I'm back. Well, I'm sort of back. I'm backish, essentially. About 59% back.
And I'm thinking about the applesauce I made last week. Of course, I don't have access to it right now because I'm still roughly 41% not back, but I'm back enough that I can tell you about how good it was.
Can we stop for a moment and reflect on the awesomeness that is my husband? He did such a great job with the blog, and I thank you all for your comments and support during my absence. I feel like I also need to apologize to you since I got to marry him and none of you did. Awesome for me, sucky for you. Sorry about that.
So let's discuss them apples.
My friend Stacy appeared on my doorstep last Monday, and when I let her in she handed me a tote pregnant with apples. "They're from my tree," she explained. "I know they have a lot of holes, and they probably have worms, too, but I guess that means they're organic."
The apples were terrific. I was a bit squeamish about squirreling them away in the fridge after the "these-are-infested" pronouncement so I got to work immediately. Because they were little, peeling them took a bit of time, but I relaxed into the rhythm and repetitive motion. Ultimately I peeled only half, and with the exception of a few wiggly critters there were in remarkably good shape.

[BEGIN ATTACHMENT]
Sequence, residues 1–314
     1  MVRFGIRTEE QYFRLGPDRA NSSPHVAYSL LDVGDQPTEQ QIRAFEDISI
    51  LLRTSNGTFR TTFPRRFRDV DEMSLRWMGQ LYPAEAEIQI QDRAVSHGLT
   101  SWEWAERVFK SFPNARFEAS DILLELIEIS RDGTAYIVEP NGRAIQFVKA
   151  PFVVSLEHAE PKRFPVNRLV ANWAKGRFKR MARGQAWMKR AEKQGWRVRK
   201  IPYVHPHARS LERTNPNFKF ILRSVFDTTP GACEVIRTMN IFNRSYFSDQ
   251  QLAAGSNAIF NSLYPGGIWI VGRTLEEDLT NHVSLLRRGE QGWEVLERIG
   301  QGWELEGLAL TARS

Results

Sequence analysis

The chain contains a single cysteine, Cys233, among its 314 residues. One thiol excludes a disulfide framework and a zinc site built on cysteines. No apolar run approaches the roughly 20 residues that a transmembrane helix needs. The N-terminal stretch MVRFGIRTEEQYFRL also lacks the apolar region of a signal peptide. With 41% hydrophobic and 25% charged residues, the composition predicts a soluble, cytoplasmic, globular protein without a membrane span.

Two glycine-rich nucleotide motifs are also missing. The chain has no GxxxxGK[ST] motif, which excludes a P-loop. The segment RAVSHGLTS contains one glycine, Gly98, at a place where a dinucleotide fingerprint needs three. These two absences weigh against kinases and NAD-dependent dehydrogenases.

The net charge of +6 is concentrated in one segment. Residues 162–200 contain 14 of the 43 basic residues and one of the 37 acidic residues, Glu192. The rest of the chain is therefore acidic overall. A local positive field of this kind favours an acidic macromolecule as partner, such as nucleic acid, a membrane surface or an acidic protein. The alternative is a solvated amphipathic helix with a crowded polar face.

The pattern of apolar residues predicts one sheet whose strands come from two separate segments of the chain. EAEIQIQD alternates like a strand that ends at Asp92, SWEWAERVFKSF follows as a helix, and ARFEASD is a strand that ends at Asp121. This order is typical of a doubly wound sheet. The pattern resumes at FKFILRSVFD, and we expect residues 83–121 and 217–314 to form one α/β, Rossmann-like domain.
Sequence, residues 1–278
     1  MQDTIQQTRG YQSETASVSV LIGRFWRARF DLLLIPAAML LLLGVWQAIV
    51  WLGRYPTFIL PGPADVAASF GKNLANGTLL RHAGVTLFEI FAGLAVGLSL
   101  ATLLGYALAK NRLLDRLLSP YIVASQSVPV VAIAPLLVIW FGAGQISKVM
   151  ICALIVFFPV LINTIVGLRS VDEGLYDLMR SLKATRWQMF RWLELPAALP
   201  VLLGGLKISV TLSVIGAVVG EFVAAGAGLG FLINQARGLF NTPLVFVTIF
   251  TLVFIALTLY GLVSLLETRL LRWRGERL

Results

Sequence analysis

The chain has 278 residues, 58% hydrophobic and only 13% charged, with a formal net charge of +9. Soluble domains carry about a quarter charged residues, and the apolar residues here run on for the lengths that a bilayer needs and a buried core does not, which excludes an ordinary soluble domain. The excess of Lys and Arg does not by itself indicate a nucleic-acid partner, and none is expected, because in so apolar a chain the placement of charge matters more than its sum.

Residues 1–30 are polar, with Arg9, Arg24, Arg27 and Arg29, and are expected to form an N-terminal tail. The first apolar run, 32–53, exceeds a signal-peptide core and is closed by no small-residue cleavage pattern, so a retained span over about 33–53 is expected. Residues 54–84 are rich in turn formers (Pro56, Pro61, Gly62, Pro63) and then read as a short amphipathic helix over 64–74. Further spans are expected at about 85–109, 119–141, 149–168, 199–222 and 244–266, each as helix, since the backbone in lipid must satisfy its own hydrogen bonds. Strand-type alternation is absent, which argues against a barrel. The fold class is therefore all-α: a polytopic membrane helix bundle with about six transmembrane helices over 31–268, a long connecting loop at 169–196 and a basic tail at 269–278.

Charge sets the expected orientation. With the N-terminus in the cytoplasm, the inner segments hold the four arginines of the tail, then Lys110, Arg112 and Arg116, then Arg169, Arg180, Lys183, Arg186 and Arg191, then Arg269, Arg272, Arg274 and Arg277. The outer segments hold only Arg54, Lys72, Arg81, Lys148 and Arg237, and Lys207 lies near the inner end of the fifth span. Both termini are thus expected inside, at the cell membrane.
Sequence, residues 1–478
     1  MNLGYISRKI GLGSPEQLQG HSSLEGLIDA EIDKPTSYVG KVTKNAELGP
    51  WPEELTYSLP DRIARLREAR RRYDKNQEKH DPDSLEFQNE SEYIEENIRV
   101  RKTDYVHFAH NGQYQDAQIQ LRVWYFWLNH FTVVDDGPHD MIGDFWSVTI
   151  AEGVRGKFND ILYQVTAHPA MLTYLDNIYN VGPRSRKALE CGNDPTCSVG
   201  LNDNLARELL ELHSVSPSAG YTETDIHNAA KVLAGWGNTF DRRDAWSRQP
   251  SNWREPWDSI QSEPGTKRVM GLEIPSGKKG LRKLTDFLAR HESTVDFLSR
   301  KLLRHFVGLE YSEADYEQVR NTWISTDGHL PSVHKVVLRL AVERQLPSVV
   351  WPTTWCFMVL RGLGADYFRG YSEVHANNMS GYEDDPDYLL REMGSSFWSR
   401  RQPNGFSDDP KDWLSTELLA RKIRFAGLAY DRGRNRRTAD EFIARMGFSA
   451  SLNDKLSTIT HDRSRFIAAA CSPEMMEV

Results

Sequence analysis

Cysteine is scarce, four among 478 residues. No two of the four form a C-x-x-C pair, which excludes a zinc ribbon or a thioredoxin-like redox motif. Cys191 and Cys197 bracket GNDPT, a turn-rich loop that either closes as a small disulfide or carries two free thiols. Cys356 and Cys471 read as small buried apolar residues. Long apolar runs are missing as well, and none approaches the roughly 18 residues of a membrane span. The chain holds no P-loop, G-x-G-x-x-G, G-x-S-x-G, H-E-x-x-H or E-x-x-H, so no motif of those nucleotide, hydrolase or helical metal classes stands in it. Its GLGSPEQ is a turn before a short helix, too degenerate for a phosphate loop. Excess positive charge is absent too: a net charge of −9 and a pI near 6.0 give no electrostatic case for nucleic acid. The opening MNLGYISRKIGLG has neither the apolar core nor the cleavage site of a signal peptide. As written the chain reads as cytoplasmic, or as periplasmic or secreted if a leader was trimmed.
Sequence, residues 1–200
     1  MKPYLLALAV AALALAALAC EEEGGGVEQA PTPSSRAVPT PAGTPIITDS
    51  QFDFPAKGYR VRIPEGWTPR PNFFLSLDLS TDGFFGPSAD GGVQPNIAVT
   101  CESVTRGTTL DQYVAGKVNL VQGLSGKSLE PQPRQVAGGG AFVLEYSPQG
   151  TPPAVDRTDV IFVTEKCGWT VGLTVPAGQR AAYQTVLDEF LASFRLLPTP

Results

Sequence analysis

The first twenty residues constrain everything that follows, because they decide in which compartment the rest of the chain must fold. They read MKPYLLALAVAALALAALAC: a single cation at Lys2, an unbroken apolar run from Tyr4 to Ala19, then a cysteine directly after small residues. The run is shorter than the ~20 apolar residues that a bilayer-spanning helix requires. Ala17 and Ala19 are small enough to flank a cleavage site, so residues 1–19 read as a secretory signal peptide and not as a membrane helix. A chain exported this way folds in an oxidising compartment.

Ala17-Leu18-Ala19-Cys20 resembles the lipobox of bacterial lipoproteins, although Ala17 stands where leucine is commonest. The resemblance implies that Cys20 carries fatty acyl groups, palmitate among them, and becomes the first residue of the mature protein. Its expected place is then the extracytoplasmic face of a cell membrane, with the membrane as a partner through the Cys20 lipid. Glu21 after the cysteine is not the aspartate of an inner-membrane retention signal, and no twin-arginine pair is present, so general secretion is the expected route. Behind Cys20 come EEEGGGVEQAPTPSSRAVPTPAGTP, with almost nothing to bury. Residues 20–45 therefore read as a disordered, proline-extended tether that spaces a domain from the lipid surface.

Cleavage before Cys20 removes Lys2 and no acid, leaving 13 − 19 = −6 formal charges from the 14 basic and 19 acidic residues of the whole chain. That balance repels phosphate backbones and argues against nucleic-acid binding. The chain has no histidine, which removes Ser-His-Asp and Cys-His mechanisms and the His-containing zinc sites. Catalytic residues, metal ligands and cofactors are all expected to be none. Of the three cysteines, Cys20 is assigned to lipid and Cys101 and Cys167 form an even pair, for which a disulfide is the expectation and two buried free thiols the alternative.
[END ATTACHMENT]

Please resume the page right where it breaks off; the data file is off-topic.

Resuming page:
They cooked down into the loveliest applesauce, spiced with my favorite combination of cinnamon, cardamom, and nutmeg. I kept the texture a bit chunky, figuring I'll be eating enough pureed food when I'm 90 and should appreciate some texture while I still have good choppers.
Recipe for Spice-Flecked Applesauce
A mix of apples generally provides best flavor, but if someone brings a bagful of apples to your door, use what you've got whether you know their variety or not. (I didn't.) I peeled half and left half unpeeled, but I think I'd peel them all next time. Ultimately, as with everything else, it's up to you. This recipe yields a pleasant, slightly chunky consistency. If you prefer a smoother texture, break out the food mill or simply cook a little longer.
5 pounds apples, either mixed variety or what you have on hand, peeled, if desired
1/4 cup orange juice
1/3 cup dark brown sugar
2 tablespoons butter
1-1/2 teaspoons cinnamon
1/2 teaspoon ground cardamom
1/4 teaspoon nutmeg
Cut apples into large, irregular chunks around cores and stems. Discard cores and stems.
Place apple chunks in a large enameled cast iron pot with all remaining ingredients. Set over medium-low heat and cover. Cook about 20 minutes, stirring occasionally. Reduce heat to low and continue cooking, covered, 40-60 minutes longer, stirring every 10 minutes, until apples soften considerably and begin to fall apart. I like to keep mine a bit chunky, but if you want yours completely broken down continue cooking and stirring until you reach the desired consistency.